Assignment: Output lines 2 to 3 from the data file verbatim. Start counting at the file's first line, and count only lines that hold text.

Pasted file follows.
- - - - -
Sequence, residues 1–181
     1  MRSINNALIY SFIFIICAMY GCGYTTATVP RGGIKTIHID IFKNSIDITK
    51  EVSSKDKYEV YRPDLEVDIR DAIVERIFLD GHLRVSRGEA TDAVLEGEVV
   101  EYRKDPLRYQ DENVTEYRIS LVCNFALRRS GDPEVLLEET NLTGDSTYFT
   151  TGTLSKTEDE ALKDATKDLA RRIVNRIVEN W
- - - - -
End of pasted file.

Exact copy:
     1  MRSINNALIY SFIFIICAMY GCGYTTATVP RGGIKTIHID IFKNSIDITK
    51  EVSSKDKYEV YRPDLEVDIR DAIVERIFLD GHLRVSRGEA TDAVLEGEVV